Simon's new Xantia V6 and Leaf blog

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Re: Simon's new Xantia V6 and Peugeot Ion blog

Post by myglaren »

Would it be worth contacting Vredestein and asking for advice?
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daviemck2006
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Re: Simon's new Xantia V6 and Peugeot Ion blog

Post by daviemck2006 »

I ran the vreds on the 107 5 psi more than the falkens that were on before. I think could even have been more, they were worn more on both shoulders when removed. I would try increasing the pressures a bit and see how they feel.
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Re: Simon's new Xantia V6 and Peugeot Ion blog

Post by elma »

Out of interest what's the load rating on them and on the OEM one's?
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Re: Simon's new Xantia V6 and Peugeot Ion blog

Post by Mandrake »

elma wrote:
24 Aug 2017, 19:22
Out of interest what's the load rating on them and on the OEM one's?

The factory spec for the rear tyres is 175/55 R15 77V and the Vredestein's are 175/55 R15 77T. So a lower speed rating (but still well in excess of the top speed of the car, by nearly 40mph) but the same load rating.

I've increased the pressure from 36 to 40psi and will see how that feels to drive tomorrow. The sidewalls feel significantly firmer to a thumb press at the higher pressure.

A lot of i-Miev/C-Zero/Ion hypermilers run even their standard summer tyres between 40 and 46psi to reduce rolling resistance as much as possible to eek out every possible mile of range, personally I think 46psi is probably way too high from a wet grip and handling perspective but I think 40 will probably be OK, especially with a tyre that is softer than standard. And it may pay to let them back down to 36 again when the snow and ice does arrive for better traction...
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Re: Simon's new Xantia V6 and Peugeot Ion blog

Post by elma »

Thats interesting.
I put equally load rated winter tyres on a Xantia but went from h or v (don't remember) to t speed rating and found them to be a little wobblier than expected.
I wondered if it were just a brand thing but now the same has happened with yours I guess not.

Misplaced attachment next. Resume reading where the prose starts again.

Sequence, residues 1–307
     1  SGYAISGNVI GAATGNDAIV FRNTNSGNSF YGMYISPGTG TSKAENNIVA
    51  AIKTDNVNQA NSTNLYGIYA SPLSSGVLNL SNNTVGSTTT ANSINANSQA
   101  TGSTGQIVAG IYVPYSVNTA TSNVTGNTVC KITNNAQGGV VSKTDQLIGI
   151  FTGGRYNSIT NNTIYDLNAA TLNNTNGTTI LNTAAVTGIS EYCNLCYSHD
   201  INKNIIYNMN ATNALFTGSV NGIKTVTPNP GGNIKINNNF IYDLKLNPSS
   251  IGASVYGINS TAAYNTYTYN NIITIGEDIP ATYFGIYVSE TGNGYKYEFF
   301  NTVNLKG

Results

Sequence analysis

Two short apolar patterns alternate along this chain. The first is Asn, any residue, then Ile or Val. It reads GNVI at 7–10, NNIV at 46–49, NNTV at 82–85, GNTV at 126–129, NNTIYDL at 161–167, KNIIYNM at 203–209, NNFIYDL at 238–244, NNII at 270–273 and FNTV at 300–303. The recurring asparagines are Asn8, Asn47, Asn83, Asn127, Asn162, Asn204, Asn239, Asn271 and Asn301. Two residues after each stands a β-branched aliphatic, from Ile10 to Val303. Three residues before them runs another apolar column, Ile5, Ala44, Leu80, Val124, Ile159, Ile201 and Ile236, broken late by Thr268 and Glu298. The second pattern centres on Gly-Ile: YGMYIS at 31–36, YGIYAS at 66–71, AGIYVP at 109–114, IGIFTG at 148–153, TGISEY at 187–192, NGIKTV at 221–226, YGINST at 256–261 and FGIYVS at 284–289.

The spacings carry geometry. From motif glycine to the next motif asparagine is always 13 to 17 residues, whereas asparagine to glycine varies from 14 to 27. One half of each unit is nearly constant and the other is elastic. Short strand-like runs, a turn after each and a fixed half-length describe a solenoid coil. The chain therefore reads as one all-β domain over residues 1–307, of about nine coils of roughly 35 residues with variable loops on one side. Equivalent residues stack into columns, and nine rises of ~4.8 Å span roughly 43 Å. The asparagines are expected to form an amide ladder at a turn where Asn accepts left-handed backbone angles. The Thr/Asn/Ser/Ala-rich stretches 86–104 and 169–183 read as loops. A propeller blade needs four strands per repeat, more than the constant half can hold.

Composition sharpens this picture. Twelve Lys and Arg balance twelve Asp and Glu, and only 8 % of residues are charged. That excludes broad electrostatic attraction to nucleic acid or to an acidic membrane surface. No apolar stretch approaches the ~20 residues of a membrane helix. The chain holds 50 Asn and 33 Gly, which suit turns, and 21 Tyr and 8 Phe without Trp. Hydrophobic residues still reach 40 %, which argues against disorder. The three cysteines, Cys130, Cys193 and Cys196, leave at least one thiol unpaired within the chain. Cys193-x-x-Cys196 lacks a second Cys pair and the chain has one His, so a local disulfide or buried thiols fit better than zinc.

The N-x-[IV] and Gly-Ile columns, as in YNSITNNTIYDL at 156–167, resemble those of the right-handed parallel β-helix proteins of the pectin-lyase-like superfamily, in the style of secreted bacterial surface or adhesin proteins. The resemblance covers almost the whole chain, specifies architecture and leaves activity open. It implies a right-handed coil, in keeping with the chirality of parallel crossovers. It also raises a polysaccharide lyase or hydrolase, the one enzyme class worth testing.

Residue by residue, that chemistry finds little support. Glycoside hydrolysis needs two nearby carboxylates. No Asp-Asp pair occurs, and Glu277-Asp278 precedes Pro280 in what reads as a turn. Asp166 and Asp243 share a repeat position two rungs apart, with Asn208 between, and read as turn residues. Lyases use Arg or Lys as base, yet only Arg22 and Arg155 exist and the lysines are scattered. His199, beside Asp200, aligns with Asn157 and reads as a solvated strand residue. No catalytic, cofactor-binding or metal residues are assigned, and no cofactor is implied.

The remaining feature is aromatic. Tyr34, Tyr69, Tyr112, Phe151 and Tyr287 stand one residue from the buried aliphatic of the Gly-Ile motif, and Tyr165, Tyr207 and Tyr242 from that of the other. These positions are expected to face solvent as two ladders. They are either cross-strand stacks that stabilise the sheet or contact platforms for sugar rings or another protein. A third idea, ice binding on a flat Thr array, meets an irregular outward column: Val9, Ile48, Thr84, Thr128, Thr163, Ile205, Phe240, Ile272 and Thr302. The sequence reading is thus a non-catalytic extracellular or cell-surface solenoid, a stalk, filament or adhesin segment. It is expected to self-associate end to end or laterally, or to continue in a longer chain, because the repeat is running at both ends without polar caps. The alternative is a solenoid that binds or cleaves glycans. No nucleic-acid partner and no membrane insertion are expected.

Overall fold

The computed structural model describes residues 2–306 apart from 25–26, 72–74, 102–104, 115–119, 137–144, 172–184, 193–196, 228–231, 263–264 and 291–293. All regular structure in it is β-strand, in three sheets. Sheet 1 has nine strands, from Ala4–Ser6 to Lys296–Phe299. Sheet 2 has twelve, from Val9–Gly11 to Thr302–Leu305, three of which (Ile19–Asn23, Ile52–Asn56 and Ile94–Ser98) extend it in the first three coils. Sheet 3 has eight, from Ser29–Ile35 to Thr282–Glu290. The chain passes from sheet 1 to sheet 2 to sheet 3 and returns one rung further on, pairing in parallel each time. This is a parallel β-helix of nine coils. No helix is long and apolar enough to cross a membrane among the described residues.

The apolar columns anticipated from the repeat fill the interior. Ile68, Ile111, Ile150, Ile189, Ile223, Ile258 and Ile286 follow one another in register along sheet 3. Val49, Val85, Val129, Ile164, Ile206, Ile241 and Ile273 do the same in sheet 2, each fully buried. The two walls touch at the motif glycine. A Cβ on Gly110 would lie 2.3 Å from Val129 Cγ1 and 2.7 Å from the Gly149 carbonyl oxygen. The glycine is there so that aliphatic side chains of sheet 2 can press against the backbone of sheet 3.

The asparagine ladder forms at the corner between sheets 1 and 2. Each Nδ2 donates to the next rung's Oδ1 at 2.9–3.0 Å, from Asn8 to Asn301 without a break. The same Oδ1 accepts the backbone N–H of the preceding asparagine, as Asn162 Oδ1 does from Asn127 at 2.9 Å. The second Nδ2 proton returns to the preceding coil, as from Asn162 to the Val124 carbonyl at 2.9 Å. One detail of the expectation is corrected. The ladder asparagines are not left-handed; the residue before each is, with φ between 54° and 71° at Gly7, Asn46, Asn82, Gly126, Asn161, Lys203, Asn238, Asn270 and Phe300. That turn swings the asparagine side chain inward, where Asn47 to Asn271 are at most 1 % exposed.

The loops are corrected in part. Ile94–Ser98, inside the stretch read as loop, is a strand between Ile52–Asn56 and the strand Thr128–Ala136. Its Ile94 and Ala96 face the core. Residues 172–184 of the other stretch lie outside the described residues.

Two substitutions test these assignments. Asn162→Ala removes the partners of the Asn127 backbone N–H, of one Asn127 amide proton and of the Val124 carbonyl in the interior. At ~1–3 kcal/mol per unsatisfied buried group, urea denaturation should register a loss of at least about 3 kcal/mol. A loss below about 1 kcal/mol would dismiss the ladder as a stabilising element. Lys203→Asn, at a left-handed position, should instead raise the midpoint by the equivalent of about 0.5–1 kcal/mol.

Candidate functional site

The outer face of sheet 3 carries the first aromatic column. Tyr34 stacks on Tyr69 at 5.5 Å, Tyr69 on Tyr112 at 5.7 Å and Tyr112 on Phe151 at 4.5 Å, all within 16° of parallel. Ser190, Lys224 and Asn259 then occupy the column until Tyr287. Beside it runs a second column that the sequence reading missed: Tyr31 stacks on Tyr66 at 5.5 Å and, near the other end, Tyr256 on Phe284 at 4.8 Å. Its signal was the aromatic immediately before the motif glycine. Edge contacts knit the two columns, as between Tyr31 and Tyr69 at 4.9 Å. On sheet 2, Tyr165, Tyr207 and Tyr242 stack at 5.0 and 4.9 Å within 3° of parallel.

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Re: Simon's new Xantia V6 and Peugeot Ion blog

Post by white exec »

At those high pressures, are you getting anywhere near the maximum pressure marked on the tyre?
Is ride comfort sacrificed? On XM/Xantia, those pressures would be intolerable, as the tyres provide the first line of bump absorption.
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Re: Simon's new Xantia V6 and Peugeot Ion blog

Post by Mandrake »

white exec wrote:
25 Aug 2017, 06:47
At those high pressures, are you getting anywhere near the maximum pressure marked on the tyre?
Is ride comfort sacrificed? On XM/Xantia, those pressures would be intolerable, as the tyres provide the first line of bump absorption.

Maximum tyre pressure marked on the tyre is 51psi, so at 40psi I'm well within it's limit.

As far as ride comfort goes, the Ion is already a fairly firm, stiffly suspended car, I wouldn't say its harsh, but its definitely quite firm.

When the suspension/damping is stiff you can't really have a soft under-inflated tyre because all that happens is the un-damped spring formed by the tyre sidewall allows the car to bounce up and down on the tyre without any real damping, because the suspension is too stiff to actually move during these tyre oscillations and thus the shock absorbers can't help to damp the tyre sidewall oscillation. The rear was definitely bouncing on the tyres a bit whenever I was hitting a bump.

If the suspension was a lot softer it would move when the tyre oscillates and therefore be able to absorb the tyre oscillation, so you can have softer tyres with soft suspension. But on a stiffly suspended car you need fairly stiff tyres as well so that any bumps are absorbed by the suspension moving and not primarily by the tyre flexing, then the shock absorber can act to damp the suspension oscillation and keep the car stable.

In any case I drove it to work with 40psi at the rear this morning and it feels MUCH better. Naturally it feels firmer but no firmer than it was with the original tyres, in fact the rear tyres at 40 are matching the characteristics of the front summer tyres at 36 quite closely. The rear is not bouncing anymore and feels much taughter and more stable. Not "wobbly" like before. Cornering and acceleration responsiveness seems a bit improved and grip in the wet still seems good so I'm going to stick with 40psi for now, and probably up the fronts to 40psi as well when Vredesteins are fitted there as well.

I was thinking about tyre pressures last night and they're a lot more complicated that it seems on the surface - I remember when I upgraded my NZ Xantia from 185/65/15 to 205/60/15 years ago that was unsure whether I should be reducing, increasing or keeping the tyre pressure the same.

One school of thought that many subscribe to is that tyre pressure should be proportional to the weight of the car and inversely proportional to the contact patch size of the tyre - that school of thought would say that a wider than standard tyre should be set to a lower pressure, but I didn't find that to be the case in practice - I actually found I ended up running the same pressure as original after experimenting with higher and lower.